Regional Reviews: Raleigh/Durham
An American in Paris
The story follows an American soldier and a French girl, who both long to find purpose and a place to belong in the aftermath of World War II. Paris itself is trying to return to normalcy after being occupied for four years by the Nazis. Jerry Mulligan (a dashing Garen Scribner direct from the Broadway company) has stayed in the City of Light after serving in the war. He's an aspiring artist who hopes to make a name for himself in this new world. Upon his arrival, Jerry sees a beautiful and mysterious French woman by the name of Lise Dassin. It is love at first sight, at least for Jerry, and their paths continue to cross. Jerry soon meets a pianist and up-and-coming composer by the name of Adam (portrayed with heartbreaking effect by Etai Benson). Adam is a war veteran himself, and with a significant injury he has become a more cynical man because of it. Adam introduces Jerry to Henri Baurel (played with nuance by Broadway vet Nick Spangler), an aristocrat who dreams of a career as a singer. Henri's family has had a particularly complicated experience of the war, giving the production additional depth. These men become fast friends, calling themselves the "Three Musketeers," not realizing that each has fallen in love with that same beautiful and talented ballet dancer, Lise. Brought to life by an amazingly talented Sara Esty, also from the Broadway company, Lise struggles with what her head and heart tell her.
To further complicate matters, Jerry, Adam, and Lise all become involved in an upcoming ballet produced by Henri's family. This is engineered by the wealthy and beautiful Milo Davenport (portrayed with beautiful truth by Emily Ferranti), who has taken a shine to Jerry and hopes that by championing his work, she might win his affection. This tangle of desire unfolds in developments typical of productions in the Gershwin era, with their standards as well as some rarities woven throughout.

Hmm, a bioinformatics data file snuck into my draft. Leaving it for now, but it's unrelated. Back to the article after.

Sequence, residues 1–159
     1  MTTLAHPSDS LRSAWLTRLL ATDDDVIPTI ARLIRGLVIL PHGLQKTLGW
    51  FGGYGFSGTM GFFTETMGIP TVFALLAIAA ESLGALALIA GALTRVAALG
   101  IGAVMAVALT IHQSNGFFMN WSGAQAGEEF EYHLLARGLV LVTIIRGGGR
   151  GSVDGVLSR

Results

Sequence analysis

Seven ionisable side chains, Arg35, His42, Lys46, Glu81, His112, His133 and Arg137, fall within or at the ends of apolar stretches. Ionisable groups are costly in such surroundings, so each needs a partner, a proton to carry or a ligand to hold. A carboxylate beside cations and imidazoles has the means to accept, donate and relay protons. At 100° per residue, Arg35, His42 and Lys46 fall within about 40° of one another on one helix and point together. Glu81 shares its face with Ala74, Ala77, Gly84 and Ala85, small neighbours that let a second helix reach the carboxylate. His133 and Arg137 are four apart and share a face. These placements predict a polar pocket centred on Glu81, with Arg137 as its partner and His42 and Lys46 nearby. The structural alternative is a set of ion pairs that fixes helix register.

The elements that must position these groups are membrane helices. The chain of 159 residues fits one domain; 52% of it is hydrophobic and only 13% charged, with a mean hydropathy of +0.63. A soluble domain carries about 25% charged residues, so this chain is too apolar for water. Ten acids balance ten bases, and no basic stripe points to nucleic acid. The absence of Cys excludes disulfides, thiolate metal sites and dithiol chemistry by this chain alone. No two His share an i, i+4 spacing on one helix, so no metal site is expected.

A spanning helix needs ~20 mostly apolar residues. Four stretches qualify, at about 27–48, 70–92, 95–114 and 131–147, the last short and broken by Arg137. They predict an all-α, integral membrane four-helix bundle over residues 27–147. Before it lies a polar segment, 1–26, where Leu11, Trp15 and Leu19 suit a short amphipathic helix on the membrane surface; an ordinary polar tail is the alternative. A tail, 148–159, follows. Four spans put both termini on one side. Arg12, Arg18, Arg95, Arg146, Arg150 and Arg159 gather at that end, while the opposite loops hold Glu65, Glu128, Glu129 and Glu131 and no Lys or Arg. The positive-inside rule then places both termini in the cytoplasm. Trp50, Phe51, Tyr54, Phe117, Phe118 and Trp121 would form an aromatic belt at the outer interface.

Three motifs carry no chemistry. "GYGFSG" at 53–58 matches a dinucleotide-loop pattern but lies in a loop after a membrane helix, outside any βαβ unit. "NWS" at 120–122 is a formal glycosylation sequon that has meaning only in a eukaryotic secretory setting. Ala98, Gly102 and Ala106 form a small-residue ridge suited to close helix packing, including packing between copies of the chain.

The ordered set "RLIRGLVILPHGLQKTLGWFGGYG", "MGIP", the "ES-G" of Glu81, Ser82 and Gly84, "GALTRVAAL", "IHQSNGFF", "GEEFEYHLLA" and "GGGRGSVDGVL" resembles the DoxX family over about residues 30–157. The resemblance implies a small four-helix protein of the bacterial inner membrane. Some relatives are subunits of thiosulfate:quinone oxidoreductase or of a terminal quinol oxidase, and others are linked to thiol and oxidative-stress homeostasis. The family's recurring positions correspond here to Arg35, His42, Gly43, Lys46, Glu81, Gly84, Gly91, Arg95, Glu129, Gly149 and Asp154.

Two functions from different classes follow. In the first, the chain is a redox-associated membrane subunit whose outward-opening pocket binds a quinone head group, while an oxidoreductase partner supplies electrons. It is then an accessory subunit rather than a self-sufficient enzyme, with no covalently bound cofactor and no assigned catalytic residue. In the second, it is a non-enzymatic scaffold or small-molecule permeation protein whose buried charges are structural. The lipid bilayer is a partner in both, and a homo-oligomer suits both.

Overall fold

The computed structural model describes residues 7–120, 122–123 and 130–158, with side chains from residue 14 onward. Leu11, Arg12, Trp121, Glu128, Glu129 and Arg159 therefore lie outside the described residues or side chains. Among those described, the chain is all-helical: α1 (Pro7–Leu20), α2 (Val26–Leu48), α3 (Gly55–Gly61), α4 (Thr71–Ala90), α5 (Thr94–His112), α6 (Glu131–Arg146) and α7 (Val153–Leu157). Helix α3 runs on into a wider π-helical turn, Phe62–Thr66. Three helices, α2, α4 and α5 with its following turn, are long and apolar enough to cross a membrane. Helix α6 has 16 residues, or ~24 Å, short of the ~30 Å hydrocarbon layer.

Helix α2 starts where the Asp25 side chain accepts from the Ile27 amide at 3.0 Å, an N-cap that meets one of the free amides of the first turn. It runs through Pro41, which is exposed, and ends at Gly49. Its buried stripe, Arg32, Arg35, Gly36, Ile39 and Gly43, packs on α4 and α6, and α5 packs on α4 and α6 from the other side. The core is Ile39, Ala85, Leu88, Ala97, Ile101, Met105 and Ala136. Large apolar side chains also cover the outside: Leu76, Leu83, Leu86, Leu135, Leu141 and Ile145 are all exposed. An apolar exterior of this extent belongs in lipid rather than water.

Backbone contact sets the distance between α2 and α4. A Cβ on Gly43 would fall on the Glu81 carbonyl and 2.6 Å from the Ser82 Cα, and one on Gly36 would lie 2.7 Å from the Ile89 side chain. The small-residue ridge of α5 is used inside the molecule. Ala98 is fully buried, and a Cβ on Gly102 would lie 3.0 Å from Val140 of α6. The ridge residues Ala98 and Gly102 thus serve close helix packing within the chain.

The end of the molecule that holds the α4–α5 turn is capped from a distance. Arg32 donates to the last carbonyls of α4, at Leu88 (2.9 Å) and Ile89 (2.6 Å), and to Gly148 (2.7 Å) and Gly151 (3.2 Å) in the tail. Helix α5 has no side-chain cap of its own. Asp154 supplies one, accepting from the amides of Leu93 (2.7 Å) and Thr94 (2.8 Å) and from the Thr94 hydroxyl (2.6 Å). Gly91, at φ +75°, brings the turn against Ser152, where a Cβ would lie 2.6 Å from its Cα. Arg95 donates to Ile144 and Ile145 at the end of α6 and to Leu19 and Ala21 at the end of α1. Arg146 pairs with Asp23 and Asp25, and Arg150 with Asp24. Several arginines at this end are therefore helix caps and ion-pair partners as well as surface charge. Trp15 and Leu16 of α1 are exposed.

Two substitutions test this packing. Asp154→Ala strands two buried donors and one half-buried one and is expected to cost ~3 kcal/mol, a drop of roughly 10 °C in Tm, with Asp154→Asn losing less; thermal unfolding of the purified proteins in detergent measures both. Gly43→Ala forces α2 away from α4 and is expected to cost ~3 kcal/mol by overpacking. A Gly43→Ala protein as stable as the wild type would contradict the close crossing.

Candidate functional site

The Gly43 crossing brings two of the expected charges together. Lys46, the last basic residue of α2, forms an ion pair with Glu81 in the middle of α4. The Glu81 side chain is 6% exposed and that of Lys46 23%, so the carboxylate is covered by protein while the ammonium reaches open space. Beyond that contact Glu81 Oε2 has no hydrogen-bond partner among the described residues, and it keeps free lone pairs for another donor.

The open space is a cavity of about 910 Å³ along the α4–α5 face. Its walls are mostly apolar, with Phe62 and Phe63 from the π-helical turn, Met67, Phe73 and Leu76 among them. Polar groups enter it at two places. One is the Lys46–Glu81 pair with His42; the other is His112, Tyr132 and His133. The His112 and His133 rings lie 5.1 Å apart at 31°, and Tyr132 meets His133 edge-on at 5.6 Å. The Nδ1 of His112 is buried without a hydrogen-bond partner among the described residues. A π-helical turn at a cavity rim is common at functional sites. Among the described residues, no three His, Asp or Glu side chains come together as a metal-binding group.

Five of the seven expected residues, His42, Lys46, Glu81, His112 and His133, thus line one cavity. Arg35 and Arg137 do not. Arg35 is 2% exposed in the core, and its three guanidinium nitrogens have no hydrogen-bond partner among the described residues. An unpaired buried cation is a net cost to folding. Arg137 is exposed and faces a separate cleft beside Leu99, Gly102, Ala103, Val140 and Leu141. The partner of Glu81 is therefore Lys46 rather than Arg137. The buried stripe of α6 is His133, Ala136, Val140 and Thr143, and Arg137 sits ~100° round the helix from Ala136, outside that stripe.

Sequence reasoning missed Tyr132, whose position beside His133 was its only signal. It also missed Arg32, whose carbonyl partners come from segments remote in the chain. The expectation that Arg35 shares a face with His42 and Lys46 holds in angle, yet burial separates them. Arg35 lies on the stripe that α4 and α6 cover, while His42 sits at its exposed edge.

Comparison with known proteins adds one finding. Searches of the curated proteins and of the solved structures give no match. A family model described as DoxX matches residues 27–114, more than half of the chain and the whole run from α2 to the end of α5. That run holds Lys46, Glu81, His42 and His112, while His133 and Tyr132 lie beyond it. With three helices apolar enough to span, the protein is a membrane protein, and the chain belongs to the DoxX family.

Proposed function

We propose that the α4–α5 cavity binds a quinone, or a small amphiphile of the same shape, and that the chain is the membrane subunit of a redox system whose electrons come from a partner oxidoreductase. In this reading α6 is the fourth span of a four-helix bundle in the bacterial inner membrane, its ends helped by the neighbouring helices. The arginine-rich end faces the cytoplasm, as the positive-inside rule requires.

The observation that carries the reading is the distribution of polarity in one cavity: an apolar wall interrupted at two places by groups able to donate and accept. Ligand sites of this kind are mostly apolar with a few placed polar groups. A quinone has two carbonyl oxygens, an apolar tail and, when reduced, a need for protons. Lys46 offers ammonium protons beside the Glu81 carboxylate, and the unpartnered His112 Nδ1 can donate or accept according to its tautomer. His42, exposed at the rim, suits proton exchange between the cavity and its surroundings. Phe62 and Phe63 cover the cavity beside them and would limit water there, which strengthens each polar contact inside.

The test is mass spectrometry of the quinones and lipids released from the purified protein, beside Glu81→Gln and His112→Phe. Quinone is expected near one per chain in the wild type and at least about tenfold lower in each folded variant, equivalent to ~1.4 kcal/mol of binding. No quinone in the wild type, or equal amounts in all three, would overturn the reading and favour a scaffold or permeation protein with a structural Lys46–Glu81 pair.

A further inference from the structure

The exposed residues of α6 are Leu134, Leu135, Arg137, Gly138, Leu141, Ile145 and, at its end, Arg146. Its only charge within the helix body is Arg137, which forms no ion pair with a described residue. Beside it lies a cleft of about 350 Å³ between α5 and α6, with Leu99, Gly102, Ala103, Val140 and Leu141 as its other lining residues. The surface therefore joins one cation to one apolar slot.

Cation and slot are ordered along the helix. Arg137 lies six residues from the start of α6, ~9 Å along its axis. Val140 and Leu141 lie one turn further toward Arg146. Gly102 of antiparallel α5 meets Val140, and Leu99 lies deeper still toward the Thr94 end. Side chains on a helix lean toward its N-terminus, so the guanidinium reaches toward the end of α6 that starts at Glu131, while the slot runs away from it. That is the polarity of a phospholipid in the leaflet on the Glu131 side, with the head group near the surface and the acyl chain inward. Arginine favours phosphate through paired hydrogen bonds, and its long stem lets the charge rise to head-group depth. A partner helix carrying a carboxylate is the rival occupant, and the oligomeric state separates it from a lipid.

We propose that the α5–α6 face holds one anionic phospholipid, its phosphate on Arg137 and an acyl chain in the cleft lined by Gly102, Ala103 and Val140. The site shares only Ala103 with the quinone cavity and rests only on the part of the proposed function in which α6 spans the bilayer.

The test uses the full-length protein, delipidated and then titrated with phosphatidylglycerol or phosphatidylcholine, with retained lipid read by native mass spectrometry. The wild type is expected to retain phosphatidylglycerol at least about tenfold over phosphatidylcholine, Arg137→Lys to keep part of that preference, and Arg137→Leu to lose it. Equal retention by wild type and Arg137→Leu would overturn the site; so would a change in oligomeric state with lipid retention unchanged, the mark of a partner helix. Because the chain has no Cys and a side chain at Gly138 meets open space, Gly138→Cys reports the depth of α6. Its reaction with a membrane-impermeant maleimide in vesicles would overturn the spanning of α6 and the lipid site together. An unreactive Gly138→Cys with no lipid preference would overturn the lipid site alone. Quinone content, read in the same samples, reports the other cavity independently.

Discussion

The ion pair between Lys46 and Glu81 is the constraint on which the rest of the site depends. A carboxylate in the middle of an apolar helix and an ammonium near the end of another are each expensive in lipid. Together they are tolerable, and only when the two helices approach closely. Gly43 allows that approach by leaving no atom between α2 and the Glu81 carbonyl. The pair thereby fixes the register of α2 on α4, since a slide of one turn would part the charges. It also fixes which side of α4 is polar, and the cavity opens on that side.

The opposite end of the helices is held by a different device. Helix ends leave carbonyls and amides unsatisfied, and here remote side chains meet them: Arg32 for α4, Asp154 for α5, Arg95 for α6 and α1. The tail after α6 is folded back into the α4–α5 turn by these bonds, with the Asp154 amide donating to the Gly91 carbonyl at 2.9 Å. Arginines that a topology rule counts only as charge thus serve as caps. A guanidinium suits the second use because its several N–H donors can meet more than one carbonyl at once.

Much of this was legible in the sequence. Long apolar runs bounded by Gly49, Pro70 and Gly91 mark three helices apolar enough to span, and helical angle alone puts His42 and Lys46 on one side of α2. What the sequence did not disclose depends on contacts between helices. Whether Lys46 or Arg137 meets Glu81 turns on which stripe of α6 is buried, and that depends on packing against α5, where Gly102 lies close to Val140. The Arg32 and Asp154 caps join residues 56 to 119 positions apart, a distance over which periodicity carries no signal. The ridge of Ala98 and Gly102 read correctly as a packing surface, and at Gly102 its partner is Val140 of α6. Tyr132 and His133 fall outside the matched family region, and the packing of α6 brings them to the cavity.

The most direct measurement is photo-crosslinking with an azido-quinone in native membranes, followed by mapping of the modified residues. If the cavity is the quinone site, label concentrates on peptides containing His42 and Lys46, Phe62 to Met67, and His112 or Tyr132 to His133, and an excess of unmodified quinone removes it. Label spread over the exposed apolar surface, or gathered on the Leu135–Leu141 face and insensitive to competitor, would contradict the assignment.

Craig Lucas has done a fine job with the book of the new musical. It maintains most of the main points of the screenplay, but Lucas delves more deeply into the psychology of lives lost and lives broken by World War II, and he punches up the dialogue with some more modern humor. Director and choreographer Christopher Wheeldon draws from his experience with the Royal Ballet and the New York City Ballet to create a moving masterpiece. His choreography weaves scenes and sets seamlessly together, at times calling to mind Jerome Robbins and George Balanchine, but again incorporating a modern sensibility. The first act finale, performed to the music of "Second Rhapsody" and "Cuban Overture," is reminiscent of a dream ballet of the likes of Agnes DeMille. Act two's opening feels a bit out of place; an absurd bit of distraction that doesn't advance the plot, "Fidgety Feet" feels like an unnecessary attempt to recapture the audience after the intermission. Other than that, the show stays quite true to the staging and themes of the film.
The award-winning sets by Bob Crowley and 59 Productions are a highlight of the show, featuring projections that create place as well as mood. As Jerry scribbles drawings into his note pad, the city of Paris comes alive, but only in black and whitethat is, until Lise shows up, and a splash of color emanates from her and soon encompasses the surroundings. The costumes, also by Mr. Crowley, are evocative of the time period yet also flexible enough to allow the dancers to move.
An American in Paris celebrates both the American spirit and the wonder and majesty of one of the greatest cities in the world. With beautiful music by the Gershwins and the choreography of Mr. Wheeldon, this production looks effortless from start to finish.
An American in Paris is presented by SunTrust Broadway, Durham Performing Arts Center, 123 Vivian St. Durham, NC 27701 through January 8th, 2017. Tickets can be purchased online at www.DPACnc.com, www.ticketmaster.com, or the Ticket Center at DPAC in person, or by phone at 919-680-2787. For more information on the tour, visit www.anamericaninparisbroadway.com.
Runtime: two hours, 30 minutes including a 20 minute intermission